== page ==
An easter egg is that Fingus, if left idle, will eventually whistle a short tune, and the tune is different in each room.


The game received generally good reviews, with most game magazines giving it a rating of between 70% and 90%,[6][7][8] though CU Amiga scored it at just 40%.[9]

Goblins Quest 3

File:Goblins 3 ingame.png

1993's Goblins Quest 3 was originally known as just Goblins 3, but after Sierra got involved they decided to add the -Quest suffix in an attempt to align the game with their other Quest series (see King's Quest, Police Quest and Space Quest).

In this game the player controls originally only one Goblin called Blount,[10] but gets assistance from a number of sidekicks throughout the game including Chump the parrot, Ooya the magician, and Fulbert the snake. Blount is also bitten by a wolf early in the game and, after escaping from the afterlife, must contend with semi-frequent changes into a super-strong but uncouth werewolf alter ego. Most areas in Goblins 3 are larger than the screen and therefore scroll. The game features 18 different levels, and like Gobliins 2: The Prince Buffoon, some are interconnected to each other - e.g. walking from the countryside to the inn - whilst others can't be exited until the player has finished that specific level. Later in the game, the player discovers that the main protagonist, Blount, was in fact the little prince that was kidnapped in Gobliins 2: The Prince Bufoon.


The gaming press awarded broadly positive reviews, with scores ranging from around 75% to 85%,[11][12] though - as it did with its predecessor Gobliins 2 - CU Amiga awarded a lower score of just 53%.[9]

Gobliiins 4

Gobliiins 4 was released in March 2009. The game was designed by Pierre Gilhodes and developed by Societe Pollene. Compared to the previous games it boasts 3D graphics but the game mechanics have not changed by much.[13] The game received a slightly mixed reception, with an average of 60% on GameRankings.[14] IT Reviews said it was entertaining, but “the puzzle solutions can be annoyingly strait-jacketed at times.”[15] Adventure Gamers called it “one of the most likeable titles this year.”[16]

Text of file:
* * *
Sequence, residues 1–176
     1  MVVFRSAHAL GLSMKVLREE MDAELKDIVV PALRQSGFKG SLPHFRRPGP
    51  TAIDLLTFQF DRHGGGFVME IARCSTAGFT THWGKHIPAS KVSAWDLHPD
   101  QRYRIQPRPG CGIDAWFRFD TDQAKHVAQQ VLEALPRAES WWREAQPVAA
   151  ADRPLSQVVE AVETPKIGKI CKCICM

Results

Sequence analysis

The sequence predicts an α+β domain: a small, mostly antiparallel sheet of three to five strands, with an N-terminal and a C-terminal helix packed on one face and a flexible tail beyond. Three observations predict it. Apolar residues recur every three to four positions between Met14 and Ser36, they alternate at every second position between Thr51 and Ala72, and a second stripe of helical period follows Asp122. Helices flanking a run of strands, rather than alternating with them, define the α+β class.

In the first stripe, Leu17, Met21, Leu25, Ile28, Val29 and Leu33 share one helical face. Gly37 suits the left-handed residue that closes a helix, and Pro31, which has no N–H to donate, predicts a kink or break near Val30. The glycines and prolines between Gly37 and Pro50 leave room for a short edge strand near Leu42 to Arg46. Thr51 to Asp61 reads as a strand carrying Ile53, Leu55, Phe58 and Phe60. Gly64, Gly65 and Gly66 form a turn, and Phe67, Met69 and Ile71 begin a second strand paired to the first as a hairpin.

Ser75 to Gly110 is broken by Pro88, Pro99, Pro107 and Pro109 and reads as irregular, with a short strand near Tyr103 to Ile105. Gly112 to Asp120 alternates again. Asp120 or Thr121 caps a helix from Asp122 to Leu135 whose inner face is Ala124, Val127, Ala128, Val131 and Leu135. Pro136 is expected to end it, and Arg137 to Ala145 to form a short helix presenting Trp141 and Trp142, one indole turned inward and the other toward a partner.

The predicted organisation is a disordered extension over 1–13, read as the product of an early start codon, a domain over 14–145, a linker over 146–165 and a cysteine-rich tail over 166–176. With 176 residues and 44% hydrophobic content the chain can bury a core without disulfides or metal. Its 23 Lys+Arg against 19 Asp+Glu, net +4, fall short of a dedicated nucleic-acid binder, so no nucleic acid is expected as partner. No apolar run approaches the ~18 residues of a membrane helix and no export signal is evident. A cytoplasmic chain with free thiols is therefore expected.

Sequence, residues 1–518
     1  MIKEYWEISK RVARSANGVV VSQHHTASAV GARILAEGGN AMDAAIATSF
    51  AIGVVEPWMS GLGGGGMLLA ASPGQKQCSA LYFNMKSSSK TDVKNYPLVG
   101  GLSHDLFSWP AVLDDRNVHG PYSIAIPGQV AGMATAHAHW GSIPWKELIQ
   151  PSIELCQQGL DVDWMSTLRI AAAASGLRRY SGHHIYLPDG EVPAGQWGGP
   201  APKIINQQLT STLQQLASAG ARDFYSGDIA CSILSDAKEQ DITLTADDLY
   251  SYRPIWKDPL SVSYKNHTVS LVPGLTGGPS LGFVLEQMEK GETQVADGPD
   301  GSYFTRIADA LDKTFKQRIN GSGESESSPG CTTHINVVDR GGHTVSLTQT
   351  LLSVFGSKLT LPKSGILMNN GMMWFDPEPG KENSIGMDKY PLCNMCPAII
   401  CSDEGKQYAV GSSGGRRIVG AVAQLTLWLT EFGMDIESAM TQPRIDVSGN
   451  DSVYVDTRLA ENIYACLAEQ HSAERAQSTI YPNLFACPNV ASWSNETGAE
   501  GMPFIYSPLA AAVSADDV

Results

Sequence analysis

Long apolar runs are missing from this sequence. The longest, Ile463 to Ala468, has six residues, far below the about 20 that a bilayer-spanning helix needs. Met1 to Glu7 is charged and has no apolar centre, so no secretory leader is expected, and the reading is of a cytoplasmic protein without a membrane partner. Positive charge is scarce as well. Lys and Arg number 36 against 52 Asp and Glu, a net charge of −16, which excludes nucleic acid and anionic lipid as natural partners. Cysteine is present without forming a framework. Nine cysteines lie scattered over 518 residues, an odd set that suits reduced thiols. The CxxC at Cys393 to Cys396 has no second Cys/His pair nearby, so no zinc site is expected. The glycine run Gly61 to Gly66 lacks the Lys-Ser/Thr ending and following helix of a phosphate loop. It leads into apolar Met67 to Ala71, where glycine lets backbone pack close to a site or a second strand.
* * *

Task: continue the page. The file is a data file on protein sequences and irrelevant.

See also


  1. Gobliins Series. MobyGames. MobyGames. Archived from the original on 23 October 2007 Retrieved on 2009-02-12.
  2. 2.0 2.1 Gobliiins. MobyGames. MobyGames. Archived from the original on 28 February 2008 Retrieved on 2009-02-12.
  3. "Gobliiins" (in German). Powerplay. Retrieved 2009-02-12. 
  4. Lesser, Hartley, Patricia, and Kirk (February 1993). "The Role of Computers". Dragon (190): 55–60. 
  5. Gobliins 2: The Prince Buffoon. MobyGames. MobyGames. Archived from the original on 27 February 2008 Retrieved on 2009-02-12.
  6. "Gobliins 2". Amiga User International. April 1993. Retrieved 2009-02-12. 
  7. Melliar-Smith, Huw (January 1993). "Gobliins 2". Amiga Action: pp. 54–55. Retrieved 2009-02-12. 
  8. Roundell, Paul (February 1993). "Gobliins 2". Amiga Computing (Europress / IDG). Retrieved 2009-02-12. 
  9. 9.0 9.1 Slingsby, Dan (January 1993). "Gobliins". CU Amiga (EMAP). Retrieved 2009-02-12. 
  10. Goblins Quest 3. MobyGames. MobyGames. Archived from the original on 27 February 2008 Retrieved on 2009-02-12.
  11. "Goblins 3". Amiga User International: pp. 78. March 1994. Retrieved 2009-02-12. 
  12. Goblins Quest 3. Amiga Magazine Rack. Retrieved on 2009-02-12.
  13. "Gobliiins4 release date on official website" (in French). Retrieved 2009-03-24. 
  14. GameRankings
  15. IT Reviews
  16.,1009 Adventure Gamers

External links

da:Gobliiinsfr:Gobliiins he:הגובלינים (סדרת משחקים)

Facts about "Gobliiins"RDF feed
ContentTypeVideo Game +
DisplayNameGobliiins +
GameCatVideo Game +
NameGobliiins +
NamePageGobliiins +
NamesGobliiins +
PageNameGobliiins +
PageTypeVideo Games + and Games +
StatusReleased +

Also on Fandom

Random Wiki